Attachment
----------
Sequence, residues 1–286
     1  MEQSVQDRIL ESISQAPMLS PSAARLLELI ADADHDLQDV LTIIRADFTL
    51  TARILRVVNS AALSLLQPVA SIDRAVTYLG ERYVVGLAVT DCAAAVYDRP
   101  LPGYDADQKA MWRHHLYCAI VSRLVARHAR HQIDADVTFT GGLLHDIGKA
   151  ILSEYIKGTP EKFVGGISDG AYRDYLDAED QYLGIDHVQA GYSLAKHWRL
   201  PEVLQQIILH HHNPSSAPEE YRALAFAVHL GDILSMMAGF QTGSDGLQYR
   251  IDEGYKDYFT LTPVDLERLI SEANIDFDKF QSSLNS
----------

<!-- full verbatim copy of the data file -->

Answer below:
Sequence, residues 1–286
     1  MEQSVQDRIL ESISQAPMLS PSAARLLELI ADADHDLQDV LTIIRADFTL
    51  TARILRVVNS AALSLLQPVA SIDRAVTYLG ERYVVGLAVT DCAAAVYDRP
   101  LPGYDADQKA MWRHHLYCAI VSRLVARHAR HQIDADVTFT GGLLHDIGKA
   151  ILSEYIKGTP EKFVGGISDG AYRDYLDAED QYLGIDHVQA GYSLAKHWRL
   201  PEVLQQIILH HHNPSSAPEE YRALAFAVHL GDILSMMAGF QTGSDGLQYR
   251  IDEGYKDYFT LTPVDLERLI SEANIDFDKF QSSLNS